Help!!! Developers are going blind from Log Files!
This is a post by Sri Mallur, an instructor with the SANS Institute for SANS DEV541: Secure Coding in Java EE: Developing Defensible Applications. Sri is a security consultant at a major healthcare provider who has over 15 years of experience in software development and information security. He has designed and developed applications for large companies in the insurance, chemical, and healthcare industries. He has extensive consulting experience from working with one of the big 5. Sri currently focuses on security in SDLC by working with developers, performing security code reviews and consulting on projects. Sri holds a Masters in industrial engineering from Texas Tech University, Lubbock, TX and an MBA from Cal State University-East Bay, Hayward, CA.
Recently one of my consultants called me frantically saying that a log forging fix had rendered log files useless. Apparently the developers were going blind trying to look at the log files.
First let us at least get a baseline about what log forging is and its importance. Generally most developers roll their eyes when a security consultant talks to them about log forging. Trust me, log forging is important, maybe, not to you (read developer), but, it is to the business. By the end of this post, hopefully you will see why.
What is Log Forging - and Why is it Important?
Simply put, log forging is the ability of an adversary to exploit an application vulnerability and inject bogus lines in application logs. "Why would he want to do this?", you ask. Let's put the security issue aside for a minute. Imagine, you a developer just got assigned a bug on code running in production. Where would you go first to start your triage process? The logs. But what if the logs you are relying on aren't real and have bogus entries? You see random lines about Database Down and then Database Up and other events that don't make sense. You get the picture. It's possible that you'll climb up the wrong tree trying to solve the production mystery or pursue such a convoluted path that it leads you to hitting the bottle to bury you ineptitude. You know this to be true ?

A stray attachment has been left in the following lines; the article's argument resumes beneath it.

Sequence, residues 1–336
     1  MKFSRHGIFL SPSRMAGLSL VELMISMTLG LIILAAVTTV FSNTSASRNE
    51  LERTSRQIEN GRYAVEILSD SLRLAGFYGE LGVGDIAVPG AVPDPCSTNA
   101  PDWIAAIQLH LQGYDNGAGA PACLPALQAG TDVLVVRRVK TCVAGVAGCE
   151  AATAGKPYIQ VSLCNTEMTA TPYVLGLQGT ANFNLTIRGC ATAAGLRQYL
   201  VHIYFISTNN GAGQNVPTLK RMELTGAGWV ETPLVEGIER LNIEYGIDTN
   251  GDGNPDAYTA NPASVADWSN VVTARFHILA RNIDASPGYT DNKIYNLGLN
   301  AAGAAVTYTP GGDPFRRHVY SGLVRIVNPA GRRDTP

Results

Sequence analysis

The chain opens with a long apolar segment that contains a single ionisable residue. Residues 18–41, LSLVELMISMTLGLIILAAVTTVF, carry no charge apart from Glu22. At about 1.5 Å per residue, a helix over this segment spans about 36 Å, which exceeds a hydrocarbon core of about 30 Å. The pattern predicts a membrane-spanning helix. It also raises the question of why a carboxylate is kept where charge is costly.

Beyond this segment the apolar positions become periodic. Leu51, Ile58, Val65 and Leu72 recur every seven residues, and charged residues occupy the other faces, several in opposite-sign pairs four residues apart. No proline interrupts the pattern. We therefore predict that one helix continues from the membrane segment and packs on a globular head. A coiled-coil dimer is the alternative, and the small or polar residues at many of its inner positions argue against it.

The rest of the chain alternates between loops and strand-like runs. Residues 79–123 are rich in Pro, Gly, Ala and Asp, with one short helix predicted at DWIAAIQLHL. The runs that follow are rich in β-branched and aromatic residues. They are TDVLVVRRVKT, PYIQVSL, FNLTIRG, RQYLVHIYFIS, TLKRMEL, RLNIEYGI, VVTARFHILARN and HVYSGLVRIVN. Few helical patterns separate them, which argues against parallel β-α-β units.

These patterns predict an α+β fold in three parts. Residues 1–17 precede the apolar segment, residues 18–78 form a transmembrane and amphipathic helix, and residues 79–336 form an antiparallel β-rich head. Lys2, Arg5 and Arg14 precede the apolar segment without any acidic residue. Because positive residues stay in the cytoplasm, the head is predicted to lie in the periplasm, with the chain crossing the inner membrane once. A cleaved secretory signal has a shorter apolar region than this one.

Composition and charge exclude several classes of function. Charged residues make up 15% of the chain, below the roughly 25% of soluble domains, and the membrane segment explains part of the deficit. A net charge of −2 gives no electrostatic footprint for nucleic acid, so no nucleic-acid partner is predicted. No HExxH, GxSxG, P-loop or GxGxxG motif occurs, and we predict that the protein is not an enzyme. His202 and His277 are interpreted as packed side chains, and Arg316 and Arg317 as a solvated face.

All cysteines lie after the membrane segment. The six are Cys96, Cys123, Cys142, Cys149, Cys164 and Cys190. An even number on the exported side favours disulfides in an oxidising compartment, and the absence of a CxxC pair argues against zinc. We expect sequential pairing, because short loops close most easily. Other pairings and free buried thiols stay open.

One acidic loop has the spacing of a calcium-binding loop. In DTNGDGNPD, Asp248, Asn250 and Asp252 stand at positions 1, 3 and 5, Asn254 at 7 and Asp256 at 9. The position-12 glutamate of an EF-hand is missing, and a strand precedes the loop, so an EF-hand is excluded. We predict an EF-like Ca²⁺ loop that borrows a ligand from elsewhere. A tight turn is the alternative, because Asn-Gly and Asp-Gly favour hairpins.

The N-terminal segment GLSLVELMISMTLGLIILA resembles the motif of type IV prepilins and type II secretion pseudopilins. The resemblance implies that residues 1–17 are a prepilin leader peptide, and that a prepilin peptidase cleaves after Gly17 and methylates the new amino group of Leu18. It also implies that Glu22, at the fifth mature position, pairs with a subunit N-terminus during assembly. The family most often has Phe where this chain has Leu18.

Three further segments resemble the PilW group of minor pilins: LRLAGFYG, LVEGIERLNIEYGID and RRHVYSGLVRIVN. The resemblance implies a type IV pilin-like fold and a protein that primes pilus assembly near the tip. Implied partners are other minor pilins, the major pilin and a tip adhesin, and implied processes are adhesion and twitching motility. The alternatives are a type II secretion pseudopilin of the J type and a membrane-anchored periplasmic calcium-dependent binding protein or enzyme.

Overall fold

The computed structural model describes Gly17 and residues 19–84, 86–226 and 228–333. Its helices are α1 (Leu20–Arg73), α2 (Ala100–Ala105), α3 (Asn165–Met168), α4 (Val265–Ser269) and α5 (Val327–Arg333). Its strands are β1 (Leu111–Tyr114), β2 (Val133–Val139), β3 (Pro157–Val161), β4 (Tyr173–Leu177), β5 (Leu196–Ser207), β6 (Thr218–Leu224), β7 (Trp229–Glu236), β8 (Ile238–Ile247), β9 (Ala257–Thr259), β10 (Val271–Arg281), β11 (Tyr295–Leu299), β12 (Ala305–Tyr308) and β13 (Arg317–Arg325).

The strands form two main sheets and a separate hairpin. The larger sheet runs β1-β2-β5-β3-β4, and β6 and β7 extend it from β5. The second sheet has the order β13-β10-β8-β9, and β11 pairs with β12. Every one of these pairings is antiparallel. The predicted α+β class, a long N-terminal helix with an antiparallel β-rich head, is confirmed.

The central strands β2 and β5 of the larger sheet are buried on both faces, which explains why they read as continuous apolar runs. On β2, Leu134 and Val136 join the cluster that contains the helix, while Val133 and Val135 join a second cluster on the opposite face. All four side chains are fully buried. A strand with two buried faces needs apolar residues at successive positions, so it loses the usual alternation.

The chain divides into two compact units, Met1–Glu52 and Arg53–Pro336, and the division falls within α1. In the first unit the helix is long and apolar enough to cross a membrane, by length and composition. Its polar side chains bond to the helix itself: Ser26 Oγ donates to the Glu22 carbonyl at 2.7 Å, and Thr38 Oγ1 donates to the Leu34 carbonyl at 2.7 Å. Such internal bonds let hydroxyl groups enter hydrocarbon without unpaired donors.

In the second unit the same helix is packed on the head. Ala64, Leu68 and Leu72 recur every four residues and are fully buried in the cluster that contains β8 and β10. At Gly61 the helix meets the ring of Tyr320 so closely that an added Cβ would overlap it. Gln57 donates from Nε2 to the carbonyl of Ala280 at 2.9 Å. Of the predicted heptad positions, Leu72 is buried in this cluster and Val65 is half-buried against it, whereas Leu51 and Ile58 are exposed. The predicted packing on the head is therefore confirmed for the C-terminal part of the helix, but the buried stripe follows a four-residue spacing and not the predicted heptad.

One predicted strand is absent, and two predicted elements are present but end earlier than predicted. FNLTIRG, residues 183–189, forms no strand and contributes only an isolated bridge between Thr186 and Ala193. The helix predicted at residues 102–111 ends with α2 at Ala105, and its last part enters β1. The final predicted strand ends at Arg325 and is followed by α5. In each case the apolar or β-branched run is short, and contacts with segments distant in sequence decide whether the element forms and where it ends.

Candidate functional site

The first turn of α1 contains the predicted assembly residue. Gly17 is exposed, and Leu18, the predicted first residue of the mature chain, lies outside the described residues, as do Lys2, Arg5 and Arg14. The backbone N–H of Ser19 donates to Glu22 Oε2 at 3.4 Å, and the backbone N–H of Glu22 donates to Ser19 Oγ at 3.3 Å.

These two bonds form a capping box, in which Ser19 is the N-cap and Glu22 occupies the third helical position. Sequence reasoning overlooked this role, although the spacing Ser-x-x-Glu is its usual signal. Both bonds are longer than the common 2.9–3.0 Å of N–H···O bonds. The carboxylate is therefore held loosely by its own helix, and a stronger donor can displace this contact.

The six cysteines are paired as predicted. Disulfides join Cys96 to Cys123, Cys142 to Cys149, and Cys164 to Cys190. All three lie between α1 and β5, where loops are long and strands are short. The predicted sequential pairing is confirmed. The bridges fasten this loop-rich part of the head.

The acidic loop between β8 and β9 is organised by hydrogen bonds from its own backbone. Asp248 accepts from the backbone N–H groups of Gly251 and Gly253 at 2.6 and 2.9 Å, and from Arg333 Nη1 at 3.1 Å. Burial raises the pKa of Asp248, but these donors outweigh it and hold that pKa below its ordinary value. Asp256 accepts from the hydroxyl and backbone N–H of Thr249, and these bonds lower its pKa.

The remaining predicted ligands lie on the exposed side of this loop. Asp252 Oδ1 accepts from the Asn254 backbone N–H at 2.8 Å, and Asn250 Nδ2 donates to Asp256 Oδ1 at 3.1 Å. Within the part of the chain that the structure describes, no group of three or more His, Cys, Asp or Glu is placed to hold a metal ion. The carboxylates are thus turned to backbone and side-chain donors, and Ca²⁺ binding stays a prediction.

Now let's get serious. A hacker will create log entries for the same reasons that I just spoke of: to confuse the security police (read forensics, incident handlers or what not). Security folks refer to logs as "discovery control": they use logs to discover bad things, to figure out what happened and the mechanics of how it happened so we can plug the hole. Without the ability to discover the mode of attack, our applications will remain vulnerable.
There's another thing that we security folks like to do once in a while and we call that "attribution". We would like to catch the person(s) who did something bad and seek justice. And, yes log files are legally admissible documents that lawyers use to argue the case. But, the fact that our log files are tampered does not stand the intense scrutiny of defense lawyers and this evidence is thrown out, making the case less strong. Adversaries generally go unpunished because we failed to protect our log files.
So, I hope I have convinced the developer in you that log forging is not just some obscure security issue that security consultants approach you about so they can stay busy. They in fact approach you because it matters to you and the business (remember triage, false entry). We want to make sure that when you use log files to triage an issue, you can depend on the logs.
Preventing Log Forging.. and Going a Little Too Far
Now that we have dealt with what log forging and why it matters, let's continue with my story. An engineer had decided to write his own adapter to prevent log forging (it's a long story why he had to write his own, I won't go into it here, needless to say he had to.) Keep in mind that to prevent log forging all he has to do is prevent new line characters. Preventing new line characters will ensure that the adversary cannot create new lines of forged entry. Generally this is what I would expect to see in code to prevent a new line character:
... String clean = message.replace( '\n', '_' ).replace( '\r', '_' ); ...
The above line of code will sanitize the input by replacing CRLF with underscores. This is enough to prevent log forging. (BTW: OWASP ESAPI's Log Forging class already has this built in).
But the the developer got a little fancy and added the following line in his class:
... clean = ESAPI.encoder().encodeForHTML(message); ...
The above line of code in addition to sanitizing the input also htmlencoded the input before writing to the log file. Security conscious developers know that we encode our output to prevent Cross-Site Scripting. This extra line of code would have worked well if the developers were viewing the log files in a browser and the browser interpreted the htmlencoded data appropriately. But in our case, those poor developers using the logs were viewing the text files directly and we were asking them to manually process all those html encodings!!!!. No wonder they were going blind.
Imagine a line like this:
[Error] 04-09-2013 Login failed for Admin
xb;ERROR] 04-09-2013 Login Failed for Admin (Encoded)
You can already see that this simple line almost becomes unreadable and imagine a file full of such hash/html encodes.
The fix was of course to comment out the line that was encoding the input before writing to the file. I want to make sure I clarify the fix. We would want to encode the input if the file was being viewed in a browser (like some log aggregators do) to prevent cross-site scripting (running scripts from the log file while viewing them). But in our case, developers were viewing the log files as a text so the encoding was not required.
This is a case of incomplete understanding of the issue and therefore the fix was incorrect. Our engineer of course is a smart guy and wished well but this was a great learning moment for all of us.